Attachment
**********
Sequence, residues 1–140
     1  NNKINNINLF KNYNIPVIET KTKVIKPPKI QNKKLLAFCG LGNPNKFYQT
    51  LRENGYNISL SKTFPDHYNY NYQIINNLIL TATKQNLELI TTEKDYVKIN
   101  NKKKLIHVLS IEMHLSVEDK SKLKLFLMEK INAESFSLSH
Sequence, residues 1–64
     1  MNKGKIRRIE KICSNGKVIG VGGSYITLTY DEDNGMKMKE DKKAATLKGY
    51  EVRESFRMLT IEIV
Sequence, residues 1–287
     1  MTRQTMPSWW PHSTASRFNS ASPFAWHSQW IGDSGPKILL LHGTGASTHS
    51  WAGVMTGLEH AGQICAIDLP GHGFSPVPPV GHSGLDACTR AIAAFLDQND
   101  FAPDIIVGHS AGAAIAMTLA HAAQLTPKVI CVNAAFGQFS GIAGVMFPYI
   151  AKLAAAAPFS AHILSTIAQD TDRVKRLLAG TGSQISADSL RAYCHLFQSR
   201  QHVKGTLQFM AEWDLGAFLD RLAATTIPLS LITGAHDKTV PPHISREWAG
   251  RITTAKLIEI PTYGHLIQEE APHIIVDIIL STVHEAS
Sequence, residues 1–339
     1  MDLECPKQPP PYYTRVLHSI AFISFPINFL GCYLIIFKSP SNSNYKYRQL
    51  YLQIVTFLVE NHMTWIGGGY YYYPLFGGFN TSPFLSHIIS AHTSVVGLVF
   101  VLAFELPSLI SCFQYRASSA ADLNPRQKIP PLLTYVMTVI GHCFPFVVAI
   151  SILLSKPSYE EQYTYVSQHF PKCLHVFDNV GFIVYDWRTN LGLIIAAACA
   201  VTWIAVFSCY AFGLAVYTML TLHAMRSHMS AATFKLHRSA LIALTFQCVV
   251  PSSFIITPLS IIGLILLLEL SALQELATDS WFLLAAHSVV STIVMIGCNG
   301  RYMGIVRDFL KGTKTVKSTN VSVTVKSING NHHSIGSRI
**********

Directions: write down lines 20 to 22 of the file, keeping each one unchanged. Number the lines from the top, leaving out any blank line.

   201  VTWIAVFSCY AFGLAVYTML TLHAMRSHMS AATFKLHRSA LIALTFQCVV
   251  PSSFIITPLS IIGLILLLEL SALQELATDS WFLLAAHSVV STIVMIGCNG
   301  RYMGIVRDFL KGTKTVKSTN VSVTVKSING NHHSIGSRI